US 7080127 B1
A cluster computer system including multiple network accessible computers that are each coupled to a network. The network accessible computers implement host computer programs which permits the network accessible computers to operate as host computers for client computers also connected to the network, such that input devices of the client computers can be used to generate inputs to the host computers, and such that image information generated by the host computers can be viewed by the client computers. The system also includes a cluster administration computer coupled to the multiple network accessible computers to monitor the operation of the network accessible computers. A method for providing access to host computers by client computers over a computer network includes receiving a request for a host computer coupled to a computer network from a client computer coupled to the computer network, wherein the relationship of the host computer to the client computer is to be such that after the client computer becomes associated with a host computer, an input device of the client computer can be used to generate inputs to the host computer, and such that image information generated by the host computer can be viewed by the client computer. Next, a suitable host computer for the client computer is determined, and the client computer is informed of the network address of the suitable host computer. Nodes of the network can be non-terrestrial.
1. A method for providing a network accessible computer over a TCP/IP protocol network comprising:
providing a host computer connected to a TCP/IP protocol network, said host computer running a host computer program; and
providing a client computer having a display and input devices and running a client computer program and a web browser program, said client program being transmitted to said client computer via said network, where said client computer is connected to said TCP/IP protocol network wherein said client computer program facilitates the transfer of input device events from the client computer to the host computer such that the input devices of said client computer can be used to generate inputs to said host computer as if said input devices were connected to said host computer by sending signals through said network, and wherein image information may be displayed on a display within a window of said browser program running on said client computer as if said display were connected to said host computer by sending signals through said network by transmitting encrypted information about said host computer's screen to said client computer over said TCP/IP protocol network;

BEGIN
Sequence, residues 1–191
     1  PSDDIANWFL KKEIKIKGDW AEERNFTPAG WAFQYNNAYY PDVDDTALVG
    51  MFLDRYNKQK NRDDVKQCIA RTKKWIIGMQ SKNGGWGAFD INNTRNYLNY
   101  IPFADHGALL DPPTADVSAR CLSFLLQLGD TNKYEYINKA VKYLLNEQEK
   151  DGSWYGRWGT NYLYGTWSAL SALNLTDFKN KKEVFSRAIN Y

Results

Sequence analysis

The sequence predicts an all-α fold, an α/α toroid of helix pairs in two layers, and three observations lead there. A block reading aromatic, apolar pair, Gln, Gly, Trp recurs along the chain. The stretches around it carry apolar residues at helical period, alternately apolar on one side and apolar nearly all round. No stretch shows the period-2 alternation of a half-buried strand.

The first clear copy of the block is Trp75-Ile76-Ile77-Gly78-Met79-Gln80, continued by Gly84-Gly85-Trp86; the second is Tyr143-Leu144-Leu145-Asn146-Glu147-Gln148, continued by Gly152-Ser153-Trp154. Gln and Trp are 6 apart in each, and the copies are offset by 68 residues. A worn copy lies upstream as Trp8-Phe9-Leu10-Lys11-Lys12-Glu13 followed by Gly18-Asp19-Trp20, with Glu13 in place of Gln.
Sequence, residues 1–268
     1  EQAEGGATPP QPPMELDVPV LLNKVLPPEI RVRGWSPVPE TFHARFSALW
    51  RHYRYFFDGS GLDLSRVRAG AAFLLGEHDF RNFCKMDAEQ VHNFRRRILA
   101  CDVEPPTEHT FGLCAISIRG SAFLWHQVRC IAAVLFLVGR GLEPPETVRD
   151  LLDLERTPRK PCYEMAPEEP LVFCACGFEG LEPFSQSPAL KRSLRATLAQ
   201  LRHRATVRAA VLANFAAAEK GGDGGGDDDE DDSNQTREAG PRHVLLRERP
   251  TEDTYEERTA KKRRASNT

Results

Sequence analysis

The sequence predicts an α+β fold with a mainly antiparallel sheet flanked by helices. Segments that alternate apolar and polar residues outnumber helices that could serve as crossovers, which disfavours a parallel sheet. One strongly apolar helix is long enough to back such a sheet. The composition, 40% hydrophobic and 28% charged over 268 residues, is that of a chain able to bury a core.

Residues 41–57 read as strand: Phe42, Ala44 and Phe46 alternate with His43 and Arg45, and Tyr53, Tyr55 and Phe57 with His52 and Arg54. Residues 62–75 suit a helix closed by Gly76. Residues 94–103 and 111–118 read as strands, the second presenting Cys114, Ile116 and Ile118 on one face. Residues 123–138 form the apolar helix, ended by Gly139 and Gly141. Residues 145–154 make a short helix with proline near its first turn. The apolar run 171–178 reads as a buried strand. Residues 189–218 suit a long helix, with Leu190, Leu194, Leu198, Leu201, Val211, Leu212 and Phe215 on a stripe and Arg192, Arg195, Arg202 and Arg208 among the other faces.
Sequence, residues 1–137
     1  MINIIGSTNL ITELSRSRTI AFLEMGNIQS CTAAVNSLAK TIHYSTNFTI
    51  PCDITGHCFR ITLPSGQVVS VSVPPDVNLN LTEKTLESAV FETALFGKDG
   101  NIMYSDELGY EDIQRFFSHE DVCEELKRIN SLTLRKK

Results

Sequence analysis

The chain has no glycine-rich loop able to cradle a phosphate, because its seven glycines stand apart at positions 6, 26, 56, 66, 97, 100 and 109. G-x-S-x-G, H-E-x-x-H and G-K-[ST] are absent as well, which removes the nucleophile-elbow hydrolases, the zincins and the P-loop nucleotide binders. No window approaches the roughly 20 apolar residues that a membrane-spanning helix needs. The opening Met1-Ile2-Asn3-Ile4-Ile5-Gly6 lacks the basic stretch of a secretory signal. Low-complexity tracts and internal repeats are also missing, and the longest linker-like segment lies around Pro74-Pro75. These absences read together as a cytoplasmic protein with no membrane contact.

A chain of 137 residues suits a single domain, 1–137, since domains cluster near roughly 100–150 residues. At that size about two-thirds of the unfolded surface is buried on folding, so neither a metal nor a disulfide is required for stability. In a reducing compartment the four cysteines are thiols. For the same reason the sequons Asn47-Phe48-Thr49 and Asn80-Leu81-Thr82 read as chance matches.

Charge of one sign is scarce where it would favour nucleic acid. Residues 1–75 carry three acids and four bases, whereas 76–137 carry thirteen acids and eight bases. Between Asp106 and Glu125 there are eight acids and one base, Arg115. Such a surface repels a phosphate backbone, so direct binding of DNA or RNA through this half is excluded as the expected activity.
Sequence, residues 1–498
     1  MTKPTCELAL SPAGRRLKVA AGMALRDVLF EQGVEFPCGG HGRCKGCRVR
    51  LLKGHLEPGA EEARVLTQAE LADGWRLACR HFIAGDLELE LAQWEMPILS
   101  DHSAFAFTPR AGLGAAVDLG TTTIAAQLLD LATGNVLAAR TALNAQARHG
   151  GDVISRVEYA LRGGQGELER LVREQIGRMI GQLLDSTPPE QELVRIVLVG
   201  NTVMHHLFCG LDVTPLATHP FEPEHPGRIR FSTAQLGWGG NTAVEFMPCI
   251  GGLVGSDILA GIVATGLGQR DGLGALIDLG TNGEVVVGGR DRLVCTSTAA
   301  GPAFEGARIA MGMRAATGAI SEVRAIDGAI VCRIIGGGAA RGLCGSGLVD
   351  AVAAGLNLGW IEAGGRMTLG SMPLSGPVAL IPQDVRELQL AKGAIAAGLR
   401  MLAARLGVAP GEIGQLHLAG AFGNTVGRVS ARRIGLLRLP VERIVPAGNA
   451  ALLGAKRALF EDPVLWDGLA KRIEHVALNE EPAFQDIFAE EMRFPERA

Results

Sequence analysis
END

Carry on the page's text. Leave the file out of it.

wherein said host computer program is responsive to keyboard events and pointing device events of said client computer as transmitted to said host computer over said TCP/IP protocol network as facilitated by said client program running on said client computer; and
wherein said host computer provides said client computer with said client computer program.
2. A method as recited in
a central processing unit;
memory coupled to the central processing unit; and
an interface coupling said central processing unit to a TCP/IP protocol network.
3. A method as recited in
4. A method as recited in
5. A method as recited in
6. A method as recited in
7. The A method of as recited in
8. The A method of as recited in
receiving connection information by said host computer from said client program running on said client computer, where said host computer validates said connection information and extracts events from said connection information, where said events are placed in said host computer's event queue.
9. The A method of as recited in
establishing a connection between said host computer and said client computer, said connection initiated by said client computer;
transmitting said client computer program from said host computer to said client computer over said TCP/IP protocol network, said client computer program being operable to allow input devices of said client computer to generate inputs to said host computer;
transmitting client information from said client computer to said host computer over said TCP/IP protocol network, where said client information includes client interests, client resolution information, and client computer events; and
transmitting host computer screen information from said host computer to said client computer.
This application claims benefit of copending U.S. Provisional Patent Application No. 60/012,905, entitled Method and Apparatus for Computing Within a Wide Area Network, filed Mar. 6, 1996 on behalf of Paul L. Hickman and Michael L. Gough, the disclosure of which is incorporated herein by reference.